Developer KinifiGames has hit the Steam Early Access scene with its debut title Imagine Me. I've played the game a few times since its March 14 arrival, and in that time, it's gotten a number notable updates. The project has gone from a basic platformer with a brief tutorial to a slightly trickier platformer with a better tutorial and a some procedurally generated content. The story bits are also being fleshed out, making the whole thing feel just a tad more complete.
In its current state, the tutorial in Imagine Me is the main reason to play the game. Comprised of 12 stages, this introductory mode does a good job of getting you acquainted with the controls and different environmental features. The stages aren't very challenging, nor are they especially lengthy, but they provide a nice little dose of entertainment nonetheless. It's within these stages where you can collect some Polaroid pictures that provide insight on how protagonist Robbe lost his memories.
What makes playing through the quick tutorial stand out so much is how precise the controls are. Controlling Robbe is tight and responsive, and the fact that the game already sports Xbox 360 controller support is great. Jumping off springs still doesn't work as well as it should, though, and timing a high jump is particularly troublesome. That said, running and moving around while airborne don't pose any problems whatsoever.
As far as level features are concerned, the recurring element is the spring. These things are everywhere. Later stages have blocks you can push, but they don't exactly make for meaningful puzzles. There are also plenty of spikes littered everywhere. The combination of springs and spikes makes for the biggest challenge in Imagine Me, but even when you get caught off guard by a surprise death, figuring out how to clear a stage isn't all that taxing. Here's hoping we see some more environmental hazards and obstacles other than the common springs and those devilish spikes.
The story aspect of Imagine Me isn't all that deep. Once you collect a Polaroid, you can access it by entering a different menu from Robbe's room. Currently, there's no imagery for the story, and what you get instead are tiny bits of text narrated by the main character. The fact that you're learning the story slowly while collecting items within stages is nice, but the lack of images or cutscenes is kind of a drag.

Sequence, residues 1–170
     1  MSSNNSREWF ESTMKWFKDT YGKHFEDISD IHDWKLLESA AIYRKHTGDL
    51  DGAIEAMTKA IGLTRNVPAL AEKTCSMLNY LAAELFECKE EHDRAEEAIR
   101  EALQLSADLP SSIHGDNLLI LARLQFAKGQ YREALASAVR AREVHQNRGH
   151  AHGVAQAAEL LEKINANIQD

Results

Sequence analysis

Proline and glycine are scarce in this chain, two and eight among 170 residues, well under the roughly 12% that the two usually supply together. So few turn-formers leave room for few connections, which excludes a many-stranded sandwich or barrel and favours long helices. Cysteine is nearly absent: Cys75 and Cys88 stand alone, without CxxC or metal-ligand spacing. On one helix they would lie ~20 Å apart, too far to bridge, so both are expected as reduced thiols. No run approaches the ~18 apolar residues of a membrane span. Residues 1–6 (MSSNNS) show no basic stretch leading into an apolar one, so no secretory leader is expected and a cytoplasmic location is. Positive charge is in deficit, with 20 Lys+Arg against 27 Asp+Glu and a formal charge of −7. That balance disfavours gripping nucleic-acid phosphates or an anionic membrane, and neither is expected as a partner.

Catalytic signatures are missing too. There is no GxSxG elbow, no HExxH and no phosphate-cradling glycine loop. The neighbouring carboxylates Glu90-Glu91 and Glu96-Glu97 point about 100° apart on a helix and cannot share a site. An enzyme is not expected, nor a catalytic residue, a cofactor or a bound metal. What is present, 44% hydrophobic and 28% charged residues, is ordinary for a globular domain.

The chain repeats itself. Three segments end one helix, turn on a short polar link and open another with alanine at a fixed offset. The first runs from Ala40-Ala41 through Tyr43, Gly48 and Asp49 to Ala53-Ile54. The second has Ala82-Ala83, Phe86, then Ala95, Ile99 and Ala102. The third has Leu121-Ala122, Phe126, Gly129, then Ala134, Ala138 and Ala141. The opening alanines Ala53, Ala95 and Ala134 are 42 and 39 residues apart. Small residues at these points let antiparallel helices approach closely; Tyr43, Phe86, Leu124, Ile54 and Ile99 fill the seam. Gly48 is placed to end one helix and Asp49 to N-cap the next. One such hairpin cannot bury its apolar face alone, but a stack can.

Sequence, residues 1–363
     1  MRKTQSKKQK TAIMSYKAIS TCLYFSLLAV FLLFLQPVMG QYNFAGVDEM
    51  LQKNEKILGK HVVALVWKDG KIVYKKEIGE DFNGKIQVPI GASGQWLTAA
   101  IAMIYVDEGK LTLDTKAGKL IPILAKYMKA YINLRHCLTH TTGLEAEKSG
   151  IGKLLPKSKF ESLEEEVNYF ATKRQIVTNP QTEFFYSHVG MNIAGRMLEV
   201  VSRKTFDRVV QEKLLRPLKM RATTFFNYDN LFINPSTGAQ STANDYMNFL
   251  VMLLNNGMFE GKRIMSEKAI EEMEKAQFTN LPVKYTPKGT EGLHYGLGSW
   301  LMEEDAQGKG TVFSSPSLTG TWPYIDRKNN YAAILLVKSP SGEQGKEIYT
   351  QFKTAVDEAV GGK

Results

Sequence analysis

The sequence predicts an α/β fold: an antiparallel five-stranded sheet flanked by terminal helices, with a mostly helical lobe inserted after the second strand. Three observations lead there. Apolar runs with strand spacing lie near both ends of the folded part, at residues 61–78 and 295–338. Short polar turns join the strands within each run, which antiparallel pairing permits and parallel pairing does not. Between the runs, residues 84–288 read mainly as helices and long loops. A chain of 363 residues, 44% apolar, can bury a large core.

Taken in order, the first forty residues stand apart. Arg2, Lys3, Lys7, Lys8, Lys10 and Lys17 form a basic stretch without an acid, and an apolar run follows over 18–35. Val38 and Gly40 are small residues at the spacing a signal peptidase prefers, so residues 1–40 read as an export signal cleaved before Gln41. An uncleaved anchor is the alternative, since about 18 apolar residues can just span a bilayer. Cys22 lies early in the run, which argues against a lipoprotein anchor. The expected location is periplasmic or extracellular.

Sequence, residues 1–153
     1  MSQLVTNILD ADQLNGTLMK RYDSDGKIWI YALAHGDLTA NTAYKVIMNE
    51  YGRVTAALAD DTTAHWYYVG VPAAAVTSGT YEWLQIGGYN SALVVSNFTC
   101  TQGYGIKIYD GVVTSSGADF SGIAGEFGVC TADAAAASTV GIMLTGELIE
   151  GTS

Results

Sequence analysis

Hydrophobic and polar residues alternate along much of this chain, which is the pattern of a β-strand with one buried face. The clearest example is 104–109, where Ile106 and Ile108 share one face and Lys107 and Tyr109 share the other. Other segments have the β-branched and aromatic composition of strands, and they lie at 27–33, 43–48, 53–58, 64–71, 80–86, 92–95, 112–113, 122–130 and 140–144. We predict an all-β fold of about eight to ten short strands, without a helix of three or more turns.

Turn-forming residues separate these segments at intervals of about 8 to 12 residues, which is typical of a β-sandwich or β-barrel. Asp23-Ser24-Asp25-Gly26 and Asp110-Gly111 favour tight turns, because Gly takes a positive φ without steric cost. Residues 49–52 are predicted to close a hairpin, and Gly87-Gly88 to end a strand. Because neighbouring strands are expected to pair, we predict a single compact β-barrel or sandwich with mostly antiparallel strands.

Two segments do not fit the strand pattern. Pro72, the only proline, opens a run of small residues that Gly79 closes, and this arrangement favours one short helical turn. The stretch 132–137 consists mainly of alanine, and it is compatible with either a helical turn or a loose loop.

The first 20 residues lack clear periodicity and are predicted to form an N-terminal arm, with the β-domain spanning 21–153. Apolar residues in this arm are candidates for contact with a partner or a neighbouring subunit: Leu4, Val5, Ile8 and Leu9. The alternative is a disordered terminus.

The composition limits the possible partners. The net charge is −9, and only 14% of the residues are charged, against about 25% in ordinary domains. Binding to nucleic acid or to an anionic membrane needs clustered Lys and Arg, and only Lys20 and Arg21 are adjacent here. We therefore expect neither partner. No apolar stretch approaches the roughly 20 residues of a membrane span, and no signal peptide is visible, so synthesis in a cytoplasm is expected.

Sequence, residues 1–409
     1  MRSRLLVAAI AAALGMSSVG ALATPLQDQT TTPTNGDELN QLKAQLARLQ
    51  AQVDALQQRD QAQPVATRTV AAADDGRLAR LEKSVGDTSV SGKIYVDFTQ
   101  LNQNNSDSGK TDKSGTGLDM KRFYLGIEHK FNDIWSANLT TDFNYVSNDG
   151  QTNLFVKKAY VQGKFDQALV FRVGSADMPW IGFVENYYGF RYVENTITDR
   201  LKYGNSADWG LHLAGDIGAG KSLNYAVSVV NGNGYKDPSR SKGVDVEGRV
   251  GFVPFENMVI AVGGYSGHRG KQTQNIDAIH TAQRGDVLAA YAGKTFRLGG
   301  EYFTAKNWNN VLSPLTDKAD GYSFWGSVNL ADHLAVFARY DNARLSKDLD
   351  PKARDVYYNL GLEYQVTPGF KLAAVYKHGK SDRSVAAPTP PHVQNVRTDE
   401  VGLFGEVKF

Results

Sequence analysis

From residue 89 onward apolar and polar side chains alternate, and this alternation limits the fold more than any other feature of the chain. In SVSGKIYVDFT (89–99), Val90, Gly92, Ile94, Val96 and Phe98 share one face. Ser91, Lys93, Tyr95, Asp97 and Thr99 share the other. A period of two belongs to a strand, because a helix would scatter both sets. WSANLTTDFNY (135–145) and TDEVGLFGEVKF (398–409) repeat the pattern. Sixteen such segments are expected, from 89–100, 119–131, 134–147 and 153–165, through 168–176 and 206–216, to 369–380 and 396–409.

One of the biggest updates in Imagine Me came in the form of procedurally generated levels. KinifiGames has stated that this is the main feature in the game, but unfortunately, these levels don't quite work the way they should just yet. While playing, sometimes the layout would be slightly altered, but I usually got the same stage. In addition, there was no real challenge as all I had to do was run to the right, bounce off a spring, and land in a doorway. It makes me think that maybe the game's focus should be on developer-created levels instead of randomly generated content.
One particular issue really stood out with the random level generator. More than a few times, I encountered stages that simply couldn't be completed. This was due to Robbe spawning in a room with walls too tall to jump over and no springs to bounce off of. The level generator is the biggest indicator that Imagine Me still has a long way to go, and it's hard to figure out why it would be included in an update if it's in such a rough stage.
Imagine Me is still in its alpha stages and as such has a long way to go to get to where both the developer and players want it to be. That said, the basic blueprint for something good has already been set, and with some huge additions in store, this game could be a big deal once it graduates from its Early Access state. Support the game if you're a huge proponent of puzzle-platformers. But if you're on the fence, hold off for at least a few more major updates.
For more on Imagine Me and KinifiGames, check out our interview with Co-Founder and Lead Programmer Chris Figueroa.
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